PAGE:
Assange to get internet service restored

Photo by Kirsty Wigglesworth / Associated Press: Julian Assange
Contributed by Ben Wilson

According to a statement issued by the Ecuadorian embassy in London on Sunday, Julian Assange may have his internet connection restored in part.

According to WikiLeaks, this came about after a meeting in Ecuador between the country’s president Lenin Moreno and two senior United Nations officials, the Commissioner for Refugees Filippo Grandi and Special Rapporteur on the promotion and protection of the freedom of opinion and expression David Kaye.

There is little doubt that the enormous international movement in support of Assange has been a major factor, which is making the matter quite awkward for the Moreno government.

The move against Assange was influenced by a combination of Moreno’s policy to get closer to Washington, and pressure applied by Spain over Julian Assange’s comments over the Catalan independence movement.

Restoration of internet access, even if it is with restrictions is a significant victory for Assange and WikiLeaks. He will also be allowed to have visitors. Personally, this restores connection with colleagues, parents and children.

The down side is that what might be considered political comments are not allowed. How this is going to pan out is not known yet.

Washington is showing no indication of giving up its eight-year effort to get Assange on what are widely regarded as fabricated charges of espionage.

Assange gained refuge in the Ecuadorian embassy, after the British government moved to have him extradited to Sweden for questioning over sexual assault allegations that have since been dropped. Assange and his advisors strongly believed that this was a mechanism to have him rendered over to the United States.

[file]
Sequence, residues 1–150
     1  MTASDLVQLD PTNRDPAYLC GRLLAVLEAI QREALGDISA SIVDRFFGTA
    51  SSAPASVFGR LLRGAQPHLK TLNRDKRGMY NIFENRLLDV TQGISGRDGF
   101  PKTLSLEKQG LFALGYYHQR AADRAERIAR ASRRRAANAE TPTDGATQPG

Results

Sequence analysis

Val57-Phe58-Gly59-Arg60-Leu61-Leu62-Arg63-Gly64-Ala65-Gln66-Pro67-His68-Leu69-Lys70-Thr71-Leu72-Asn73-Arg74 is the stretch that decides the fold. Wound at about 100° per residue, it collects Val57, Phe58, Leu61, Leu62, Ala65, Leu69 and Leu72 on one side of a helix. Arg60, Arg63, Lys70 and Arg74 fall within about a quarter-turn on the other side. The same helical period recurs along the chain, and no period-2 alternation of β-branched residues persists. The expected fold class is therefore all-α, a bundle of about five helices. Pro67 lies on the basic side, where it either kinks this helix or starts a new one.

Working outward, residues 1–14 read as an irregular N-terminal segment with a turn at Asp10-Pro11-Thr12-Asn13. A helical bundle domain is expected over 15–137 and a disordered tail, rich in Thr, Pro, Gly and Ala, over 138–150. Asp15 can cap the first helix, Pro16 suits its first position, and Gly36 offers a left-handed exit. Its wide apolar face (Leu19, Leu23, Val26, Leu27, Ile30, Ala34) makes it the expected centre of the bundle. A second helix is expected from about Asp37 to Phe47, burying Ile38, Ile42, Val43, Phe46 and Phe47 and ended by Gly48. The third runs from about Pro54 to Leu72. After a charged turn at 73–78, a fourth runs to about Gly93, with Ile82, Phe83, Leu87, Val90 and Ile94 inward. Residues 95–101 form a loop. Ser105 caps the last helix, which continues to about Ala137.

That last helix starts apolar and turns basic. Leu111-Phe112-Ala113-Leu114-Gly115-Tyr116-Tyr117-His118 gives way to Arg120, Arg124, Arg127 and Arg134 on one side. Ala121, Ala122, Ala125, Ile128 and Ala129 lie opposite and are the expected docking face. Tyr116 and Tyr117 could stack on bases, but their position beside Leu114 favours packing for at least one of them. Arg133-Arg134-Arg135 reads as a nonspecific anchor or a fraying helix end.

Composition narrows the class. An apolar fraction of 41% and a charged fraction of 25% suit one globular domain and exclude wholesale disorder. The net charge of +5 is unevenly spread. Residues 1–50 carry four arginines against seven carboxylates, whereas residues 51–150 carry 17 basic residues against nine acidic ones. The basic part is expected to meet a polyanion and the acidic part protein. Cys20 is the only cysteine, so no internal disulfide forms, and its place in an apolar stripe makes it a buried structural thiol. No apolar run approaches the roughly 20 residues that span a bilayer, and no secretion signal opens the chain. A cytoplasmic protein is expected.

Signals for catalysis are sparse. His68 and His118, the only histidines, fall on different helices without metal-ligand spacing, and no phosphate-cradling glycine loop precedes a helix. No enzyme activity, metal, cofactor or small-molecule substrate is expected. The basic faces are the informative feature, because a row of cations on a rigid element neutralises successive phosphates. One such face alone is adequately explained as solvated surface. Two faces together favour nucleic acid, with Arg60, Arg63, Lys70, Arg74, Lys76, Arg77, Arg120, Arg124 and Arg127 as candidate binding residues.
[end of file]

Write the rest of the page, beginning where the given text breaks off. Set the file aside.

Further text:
The Australian government, setting its working relationship with Washington as its first priority, refused and continues to refuse to act for Assange, who is an Australian citizen. Not good enough. It is  a serious dereliction of duty. Every citizen would expect that our government would intervene to make sure that there is no violation of basic human rights and there is proper legal process. When this gives way to political expediency, something is terribly wrong.

It is no secret that Julian Assange is being sought for the exposure of inconvenient truths, like the scale of political corruption and the massive corporate global tax avoidance system. This should never be forgotten.

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1 Comment on "Assange to get internet service restored"

  1. Australian citizenship is pretty bloody useless when it comes to a crunch. It is not really worth having when various Australian governments betray and sacrifice their citizens for politically opportunistic reasons of the day.

    The ‘Balibo Five’ journalists greg and the others were tortured tio death by Indonesia in the invasion of East Timor, Timor Leste. Our government carefully ignored their murderers. Yet Indonesian Radio announced “Indonesian army has taught the five Australian Communist journalists a severe lesson” This was broadcast on ABC on the 5AM and 6AM news, then silence, then denial it was ever broadcast. That indicated that Australia issued a ‘D Notice’ on that subject.

    The dirty dealings between Australian governments and the USA over the imprisonment and torture of David Hicks for five years
    by the Yanks at Guantanamo Bay is another case.

    The Julian Assange case mentioned here also has a long history and is far from over as this goes to print.

    We all need to question, “Just what is our Australian citizenship worth when a real crunch comes? History shows from past experience that it is worth BUGGER ALL if it is that our government is bullied by the USA or other governments, or that it is politically expedient not to do anything. We all now see that you can’t count on ‘your government’ for anything. With this lot of untrustworthy opportunists existing in Canberra now, it is worse than it has ever been. To be treated like the refugees on Manus, or far worse, is just as likely for any of us should it be politically expedient for the government to ignore our plight or to covertly act against us.

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